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Steelmills likely to fight CO2 allocation terms in court - Eurofer

08 Jun 2012 17:31:29 | edcm


Europe's steel companies are being urged by their representative body to challenge the terms of their allocations of carbon allowances in court, in a bid to receive more of the free permits during phase III of the EU's emissions trading system (ETS), which will run from 2013-2020.

Trade body Eurofer wrote to its members in March and again on Thursday to tell them that steel companies must take on such court cases at national level before the rules on phase III free allocations of carbon allowances can be challenged in the European Court of Justice (ECJ).

If the steel industry wins such a case in the ECJ in the next few years, it could be eligible to receive free allowances retroactively to early 2013, Eurofer's environment director, Danny Croon, said on Friday.

Legal battle setback

Eurofer's advice came one day after it learnt that a case it had taken directly to the ECJ against the European Commission's rules on free allocations to steel mills had been thrown out.

The ECJ sent Eurofer a fax on Thursday saying its case was inadmissible because no court had made a judgement on the matter at national level, Croon said.

But he said the ECJ had not made a judgement in relation to the European Commission rule in question, which relates to the inclusion or exclusion of recycled waste gases in the efficiency benchmark against which steel mills will be judged when applying for free allowances.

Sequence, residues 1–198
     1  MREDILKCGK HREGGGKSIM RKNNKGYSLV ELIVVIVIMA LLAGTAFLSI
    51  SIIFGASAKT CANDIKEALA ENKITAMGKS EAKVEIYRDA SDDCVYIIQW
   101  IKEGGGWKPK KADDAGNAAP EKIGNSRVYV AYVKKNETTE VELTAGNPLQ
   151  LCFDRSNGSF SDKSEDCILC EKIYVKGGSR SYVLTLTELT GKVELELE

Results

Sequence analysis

"I would say the case is definitely not lost if our national industries are going to submit court cases, which I believe they will do because it costs too much not to do so," Croon said.

"So I believe they will do so, but of course the thing is, it will take some time before any decision will be taken on that and, if the case is successful, the steel industry may be compensated retroactively."

A parallel case was taken to the ECJ by steelmakers ThyssenKrupp and Voestalpine, neither of which was available for comment on Friday.

The steel sector already stands to enter phase III of the ETS with a massive surplus of EU carbon allowances, having been allocated far more free allowances than it has actually used during phase II, which ends this year.

The sector has accumulated at least 269m surplus allowances since phase II began in 2008 (see EDCM 13 April 2012). VF

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